Snowdrop Galanthus reginae-olgae subsp. reginae-olgae 'Hyde Lodge'

☠ Toxic to humans
🐾 Toxic to pets
🌸 Blooming
🍪 Not edible
‍🌱 Easy-care
Queen Olga's Snowdrop 'Hyde Lodge'


Galanthus reginae-olgae subsp. reginae-olgae 'Hyde Lodge', commonly known as snowdrop, is adorned with delicate bell-shaped white flowers that dangle gracefully from their stalks. Each flower is distinguished by its unique green markings on the inner petals, adding to the intricate beauty of the bloom. The outer petals, usually pristine white, form an elegant skirt that curves outward, while the inner petals, shorter in length, nestle within them. This creates a striking contrast between the pure white outer petals and the marked inner segments. The foliage of the snowdrop is slender and blade-like, presenting a soft green hue that complements the flowers. The leaves emerge either as singles or in pairs and have a smooth texture with pronounced veins that run lengthwise. Given the seasonal nature of the snowdrop, the leaves and flowers typically appear in harmony with the cooler times of the year, which is often a signal that the colder days are soon to give way to the renewal of spring.

Plant Info
Common Problems

About this plant

  • memoNames

    • Family


    • Synonyms

      Queen Olga's Snowdrop, Hyde Lodge Snowdrop

    • Common names

      Galanthus reginae-olgae subsp. reginae-olgae 'Hyde Lodge'.

  • skullToxicity

    • To humans

      The most common name for Galanthus reginae-olgae subsp. reginae-olgae 'Hyde Lodge' is snowdrop. Snowdrops contain alkaloids such as galantamine, which can be toxic if ingested in large quantities. Symptoms of snowdrop poisoning in humans can include gastrointestinal upset like nausea, vomiting, and diarrhea, along with more severe effects like dizziness, and in extreme cases, it can lead to irregular heartbeats and neurological problems.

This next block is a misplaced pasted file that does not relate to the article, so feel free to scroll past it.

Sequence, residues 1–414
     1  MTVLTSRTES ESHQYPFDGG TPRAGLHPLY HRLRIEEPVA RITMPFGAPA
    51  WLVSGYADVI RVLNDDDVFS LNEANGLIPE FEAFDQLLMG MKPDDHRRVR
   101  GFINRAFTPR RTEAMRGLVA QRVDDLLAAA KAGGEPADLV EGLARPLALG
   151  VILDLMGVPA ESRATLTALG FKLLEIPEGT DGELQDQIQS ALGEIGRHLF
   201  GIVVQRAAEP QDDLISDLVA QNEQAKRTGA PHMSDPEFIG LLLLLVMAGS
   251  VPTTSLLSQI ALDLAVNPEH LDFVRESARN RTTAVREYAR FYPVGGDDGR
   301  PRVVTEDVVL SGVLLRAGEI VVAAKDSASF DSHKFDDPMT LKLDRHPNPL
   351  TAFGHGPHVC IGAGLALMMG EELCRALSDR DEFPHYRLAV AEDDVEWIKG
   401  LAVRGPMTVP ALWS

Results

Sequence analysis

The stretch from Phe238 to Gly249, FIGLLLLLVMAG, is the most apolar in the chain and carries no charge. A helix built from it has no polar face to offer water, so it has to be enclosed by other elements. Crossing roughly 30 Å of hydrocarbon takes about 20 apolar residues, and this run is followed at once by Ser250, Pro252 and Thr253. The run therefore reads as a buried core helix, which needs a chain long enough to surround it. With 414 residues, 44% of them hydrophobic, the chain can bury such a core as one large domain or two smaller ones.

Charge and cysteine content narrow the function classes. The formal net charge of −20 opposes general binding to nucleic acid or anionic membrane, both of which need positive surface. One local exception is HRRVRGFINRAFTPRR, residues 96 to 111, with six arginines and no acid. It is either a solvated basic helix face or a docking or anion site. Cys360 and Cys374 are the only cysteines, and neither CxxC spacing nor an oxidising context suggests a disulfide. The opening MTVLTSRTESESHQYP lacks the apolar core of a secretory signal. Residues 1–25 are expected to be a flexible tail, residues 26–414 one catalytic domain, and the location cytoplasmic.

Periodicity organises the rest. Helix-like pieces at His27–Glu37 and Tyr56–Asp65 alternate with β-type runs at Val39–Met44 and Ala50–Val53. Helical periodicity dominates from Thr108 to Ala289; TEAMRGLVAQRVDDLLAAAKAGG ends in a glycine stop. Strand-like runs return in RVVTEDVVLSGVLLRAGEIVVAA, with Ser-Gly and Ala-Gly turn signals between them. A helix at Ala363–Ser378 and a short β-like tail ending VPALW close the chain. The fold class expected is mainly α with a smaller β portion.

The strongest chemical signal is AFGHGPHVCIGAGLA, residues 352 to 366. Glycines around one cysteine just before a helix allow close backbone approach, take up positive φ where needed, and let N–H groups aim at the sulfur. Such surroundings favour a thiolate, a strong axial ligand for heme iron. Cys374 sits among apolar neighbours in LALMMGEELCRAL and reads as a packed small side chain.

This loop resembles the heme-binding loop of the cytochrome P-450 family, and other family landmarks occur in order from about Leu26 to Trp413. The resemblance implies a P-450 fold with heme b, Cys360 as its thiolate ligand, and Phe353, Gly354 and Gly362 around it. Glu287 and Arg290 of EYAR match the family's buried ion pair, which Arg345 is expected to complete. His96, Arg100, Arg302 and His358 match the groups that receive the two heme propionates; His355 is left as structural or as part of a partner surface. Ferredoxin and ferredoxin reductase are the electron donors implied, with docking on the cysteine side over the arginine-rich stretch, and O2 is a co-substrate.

• To pets

      For pets, the snowdrop is similarly toxic. If a pet ingests any part of the plant, it may experience symptoms similar to those in humans, such as gastrointestinal upset with vomiting and diarrhea, as well as lethargy and potential cardiac issues. It is important to prevent pets from eating snowdrops and to seek veterinary care if ingestion occurs.

  • infoCharacteristics

    • Life cycle


    • Foliage type


    • Color of leaves


    • Flower color


    • Height

      4-6 inches (10-15 cm)

    • Spread

      3-4 inches (7.5-10 cm)

    • Plant type


    • Hardiness zones


    • Native area



  • money-bagGeneral Benefits

    • Early flowering: Provides a display of flowers during late autumn when few other plants are in bloom.
    • Aesthetic appeal: Adds visual interest to gardens with its delicate white flowers and green foliage.
    • Pollinator attraction: Offers a nectar source for bees and other pollinators during a season when food sources are scarce.
    • Low maintenance: Requires minimal care once established, making it suitable for busy gardeners or those seeking low-maintenance landscaping.
    • Cold tolerance: Hardy in cold climates, allowing it to thrive and bloom even in chilly autumn weather.
    • Naturalizing: Capable of spreading and naturalizing in suitable conditions, gradually forming larger clumps over time.
    • Compact size: Its small stature makes it ideal for rock gardens, front-of-border locations, or underplanting beneath deciduous trees and shrubs.

  • medicalMedical Properties

    This plant is not used for medical purposes.

  • windAir-purifying Qualities